It could be tricky to agree on obscure facts before the internet, you know.
It probably seems bizarre to younger readers of this site, but there was a time when an argument about the biggest grossing movie, or the best-selling song of the year would more than likely stutter to an end unresolved, with everyone involved sure they were right, and nobody with any way of proving it. There was no Wikipedia, no IMDb, no handy central repositories of facts and figures, accessible by a few button presses from anywhere in the world.
In fact, the only genuinely definitive information source was the famed Guinness Book of Records, a thick annual hardback, compiled by the splendidly named Norris McWhirter, in which all sorts of official records were listed in a variety of often slightly peculiar categories. Tallest, shortest, oldest, youngest, nearest, furthest away…it was all in there. For me, and many other geeks like me, the Guinness Book was a yearly treat – as essential a Christmas present as the latest Doctor Who Annual and a Terry’s Chocolate Orange.
What it wasn’t much cop for though was arguments about anything more small-scale than that. So if you wanted to know the earliest-born cast member ever to play a companion in Doctor Who, for instance, well, you were out of luck, basically. All you had were memories and guesses and, if you were lucky, a set of dog-eared magazines which might, conceivably, contain the information somewhere in their non-indexed pages.
Which is why the recent BBC offering, Simon Guerrier’s Book of Whoniversal Records is such a welcome, if long overdue, addition to the ever growing library of Who titles. A chunky, colourful hardback, running to 224 pages, it lists exactly the kind of records that most thoughtful Who fans will have considered at some point in their lives. Want to know which companion spent the longest period adventuring with the Doctor? Or which knew him the longest (there’s a difference, you know!)? Both of those are in here. Who’s killed the most people? Who’s died the most often? Yep, both present and correct. And so on. It’s packed full of the fascinating, the unexpected and the plain odd (and also, frequently, the damn funny). Personal favourites include ‘The Quickest a Story Kills Someone on Screen’, ‘The TARDIS’S Least Effective Disguise’, The Least Wordy Novelisation’ and ‘The Largest Number of Consecutive Episodes without us Seeing the TARDIS’.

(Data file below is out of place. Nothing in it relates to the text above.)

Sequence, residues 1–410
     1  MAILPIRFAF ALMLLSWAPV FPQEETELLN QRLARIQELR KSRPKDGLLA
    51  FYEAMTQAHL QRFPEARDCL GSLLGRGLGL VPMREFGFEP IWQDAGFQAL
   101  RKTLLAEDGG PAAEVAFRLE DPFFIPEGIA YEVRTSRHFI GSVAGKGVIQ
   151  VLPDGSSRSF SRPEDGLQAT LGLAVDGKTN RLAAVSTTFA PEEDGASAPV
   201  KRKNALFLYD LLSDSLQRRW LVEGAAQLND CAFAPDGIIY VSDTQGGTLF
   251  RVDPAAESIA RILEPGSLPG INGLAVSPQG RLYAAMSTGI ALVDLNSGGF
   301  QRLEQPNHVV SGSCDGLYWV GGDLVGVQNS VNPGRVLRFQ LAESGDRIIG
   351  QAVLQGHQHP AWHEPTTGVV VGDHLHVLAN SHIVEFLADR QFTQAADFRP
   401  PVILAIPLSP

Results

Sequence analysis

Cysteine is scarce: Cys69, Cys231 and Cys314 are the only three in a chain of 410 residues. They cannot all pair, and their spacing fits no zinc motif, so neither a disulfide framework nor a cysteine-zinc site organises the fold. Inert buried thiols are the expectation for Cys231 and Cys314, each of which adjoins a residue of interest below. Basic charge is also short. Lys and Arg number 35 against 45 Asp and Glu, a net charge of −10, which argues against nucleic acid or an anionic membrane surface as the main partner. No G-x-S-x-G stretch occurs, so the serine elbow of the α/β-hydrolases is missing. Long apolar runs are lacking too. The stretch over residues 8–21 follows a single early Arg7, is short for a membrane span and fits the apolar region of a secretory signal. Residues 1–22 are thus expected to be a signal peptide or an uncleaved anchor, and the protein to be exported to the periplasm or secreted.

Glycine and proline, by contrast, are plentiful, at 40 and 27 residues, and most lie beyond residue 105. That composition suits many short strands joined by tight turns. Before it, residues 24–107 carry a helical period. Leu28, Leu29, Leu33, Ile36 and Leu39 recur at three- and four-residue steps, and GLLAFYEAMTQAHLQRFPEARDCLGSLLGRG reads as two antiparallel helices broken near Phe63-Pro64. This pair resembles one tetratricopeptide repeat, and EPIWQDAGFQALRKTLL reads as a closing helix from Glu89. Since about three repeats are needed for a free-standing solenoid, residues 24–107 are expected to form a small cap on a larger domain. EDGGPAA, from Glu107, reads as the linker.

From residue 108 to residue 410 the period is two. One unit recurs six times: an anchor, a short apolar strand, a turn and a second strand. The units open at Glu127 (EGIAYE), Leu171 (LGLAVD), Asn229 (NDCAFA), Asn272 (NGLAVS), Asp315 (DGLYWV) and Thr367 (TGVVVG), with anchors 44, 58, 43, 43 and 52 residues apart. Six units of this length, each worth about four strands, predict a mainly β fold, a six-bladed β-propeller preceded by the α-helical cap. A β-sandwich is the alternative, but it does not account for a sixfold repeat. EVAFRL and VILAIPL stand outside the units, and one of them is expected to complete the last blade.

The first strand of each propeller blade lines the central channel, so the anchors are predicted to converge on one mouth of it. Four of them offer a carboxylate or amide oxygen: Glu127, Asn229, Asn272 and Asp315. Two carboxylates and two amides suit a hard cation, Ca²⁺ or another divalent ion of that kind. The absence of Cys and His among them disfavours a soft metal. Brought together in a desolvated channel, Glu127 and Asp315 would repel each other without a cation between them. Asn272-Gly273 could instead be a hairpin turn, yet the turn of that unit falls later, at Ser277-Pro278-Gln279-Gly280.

This is a book designed for dipping in and out of, really – and, like the original Guinness Book, for regular updating. Simon Guerrier’s to be congratulated on a job well done. I hope to see a new edition next year!
Oh, and the earliest born companion is May Warden, who (briefly) played the aged Sara Kingdom in Dalek Master Plan. If you want the answers to the other questions, though, you need to buy the book… Stuart Douglas